From the first quarter of the 19th century, Gurkhas from Nepal had served under the British, first in the armies of the East India Company, and then the British Indian Army. The terms and conditions of service for the Gurkhas were solely a matter for the British Indian authorities, without reference to the British Government in London.
In 1947, India became independent from the United Kingdom, and it was decided between the two governments to split the Gurkha regiments between the British and Indian armies — six Gurkha units became part of the new Indian Army, while four were transferred to the British Army:
As a part of this arrangement, it was agreed that Gurkhas in British and Indian service should enjoy broadly the same conditions of service, to ensure that there was no unfair advantage to serving in one or other, thus maintaining economic stability and social harmony in the Gurkha recruiting areas. Thus, the governments of the United Kingdom, India and Nepal came to sign the Tripartite Agreement (TPA).
The main points of the agreement are:
- The Gurkha soldier must be recruited as a Nepali citizen, must serve as a Nepali citizen, and must be resettled as a Nepali citizen.
- All religious and cultural observances must be preserved in accordance with the demands of the Hindu faith.
- Gurkha soldiers in both the Indian and British Armies should receive the same basic rates of pay, although allowances may be paid to reflect differences in the costs of living between countries where Gurkha soldiers might serve outside Nepal.
- Subject to satisfactory performance and conduct, all soldiers should be allowed to serve for sufficient time in order to qualify for a pension
- All Gurkha soldiers should be allowed an extended period of leave in Nepal every three years.
- Gurkha soldiers recruited into the respective armies are liable for service worldwide.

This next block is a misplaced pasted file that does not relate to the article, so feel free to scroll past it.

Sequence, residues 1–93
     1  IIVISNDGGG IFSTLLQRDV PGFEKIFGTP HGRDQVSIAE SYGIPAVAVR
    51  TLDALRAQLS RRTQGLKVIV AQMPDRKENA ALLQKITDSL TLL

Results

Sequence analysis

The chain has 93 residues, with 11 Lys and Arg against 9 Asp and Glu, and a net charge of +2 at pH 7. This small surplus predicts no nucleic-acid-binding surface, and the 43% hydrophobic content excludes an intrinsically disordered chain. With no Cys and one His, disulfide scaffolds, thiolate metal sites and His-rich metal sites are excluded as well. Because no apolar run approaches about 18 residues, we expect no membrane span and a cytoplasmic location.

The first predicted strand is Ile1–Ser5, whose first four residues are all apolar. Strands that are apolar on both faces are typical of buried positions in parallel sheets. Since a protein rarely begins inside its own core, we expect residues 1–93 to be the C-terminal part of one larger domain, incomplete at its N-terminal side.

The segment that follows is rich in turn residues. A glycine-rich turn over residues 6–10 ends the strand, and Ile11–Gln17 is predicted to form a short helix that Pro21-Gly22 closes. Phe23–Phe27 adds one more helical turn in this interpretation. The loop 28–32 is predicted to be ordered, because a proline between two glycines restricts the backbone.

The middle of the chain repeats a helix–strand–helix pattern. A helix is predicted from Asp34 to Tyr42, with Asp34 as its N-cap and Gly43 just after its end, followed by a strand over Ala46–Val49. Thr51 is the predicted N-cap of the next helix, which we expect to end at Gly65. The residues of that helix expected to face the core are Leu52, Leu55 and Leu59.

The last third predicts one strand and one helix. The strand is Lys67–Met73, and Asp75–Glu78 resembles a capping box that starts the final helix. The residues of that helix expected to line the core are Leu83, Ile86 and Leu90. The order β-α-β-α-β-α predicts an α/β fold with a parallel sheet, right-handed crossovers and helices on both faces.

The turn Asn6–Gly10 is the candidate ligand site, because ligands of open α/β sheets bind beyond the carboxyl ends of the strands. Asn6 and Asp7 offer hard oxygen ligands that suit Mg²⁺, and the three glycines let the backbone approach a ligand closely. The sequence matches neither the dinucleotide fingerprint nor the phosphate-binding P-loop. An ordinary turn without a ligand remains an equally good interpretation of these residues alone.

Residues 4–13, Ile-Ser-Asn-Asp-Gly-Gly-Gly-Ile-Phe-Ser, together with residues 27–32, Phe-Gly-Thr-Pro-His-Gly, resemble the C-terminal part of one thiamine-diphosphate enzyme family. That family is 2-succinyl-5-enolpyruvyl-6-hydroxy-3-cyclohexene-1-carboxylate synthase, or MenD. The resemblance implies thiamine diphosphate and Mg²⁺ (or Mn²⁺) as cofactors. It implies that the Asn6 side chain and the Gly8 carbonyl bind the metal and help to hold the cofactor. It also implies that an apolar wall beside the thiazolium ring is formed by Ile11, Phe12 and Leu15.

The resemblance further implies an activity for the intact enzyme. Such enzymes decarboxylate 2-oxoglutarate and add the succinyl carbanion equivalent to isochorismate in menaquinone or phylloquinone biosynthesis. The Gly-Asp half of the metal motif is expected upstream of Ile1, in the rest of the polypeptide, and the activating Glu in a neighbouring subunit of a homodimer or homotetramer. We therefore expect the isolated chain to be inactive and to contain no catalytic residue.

- Gurkhas are fully integrated into the Army to which they are recruited and under no circumstances are they to be considered mercenaries.
The TPA underpins the unique terms and conditions of service of the Gurkha soldier which in a number of key areas differ markedly from those of his British or Commonwealth counterpart. Such differences arise because of the need to maintain broad comparability with certain Indian Army conditions of service, to protect the Gurkha national, religious, cultural and domicile status and the need for Gurkhas to maintain close links with Nepal throughout their service. It is against this background that the UK Government has continued to maintain separate terms and conditions of service for Gurkhas.
New Gurkha Conditions and Terms of Service
The maintenance of different terms and conditions for Gurkha soldiers as opposed to their British counterparts has been a source of friction in recent years, particularly in regard to pension provision. While Gurkha pensions provide a high standard of living in Nepal, they were calculated at a fraction of the pensions provided to British soldiers. As a consequence, in January 2005, the British Government announced a review of Gurkha terms and conditions to attempt to rectify these inequalities. In May 2007, a new set of proposals was adopted, with a number of points in different areas:
- Nationality and Status
- Gurkhas should be recruited as Nepalese subjects, and should remain so throughout their service
- Gurkhas should only be recruited to units of the Brigade of Gurkhas, and these should remain predominantly Gurkha manned
- Recruitment and Selection
- Recruitment should remain in Nepal
- Recruitment should become the responsibility of the Army Recruitment and Training Division
- Nepalese women should be recruited into the Brigade of Gurkhas
- Pay, Pensions and Allowances
- Gurkha pay should be brought into line with UK pay rates based on employment qualifications
- All Gurkhas recruited after a specific date will join the standard Armed Forces Pension Scheme. Those recruited before that date will be given the option of remaining in the Gurkha Pension Scheme or transferring to the AFPS
A major proposal is the drawing up of a bilateral memorandum of understanding between the governments of Britain and Nepal, and allowing the TPA to lie. It is unclear how this would affect the recruitment of Gurkhas in the Indian Army.
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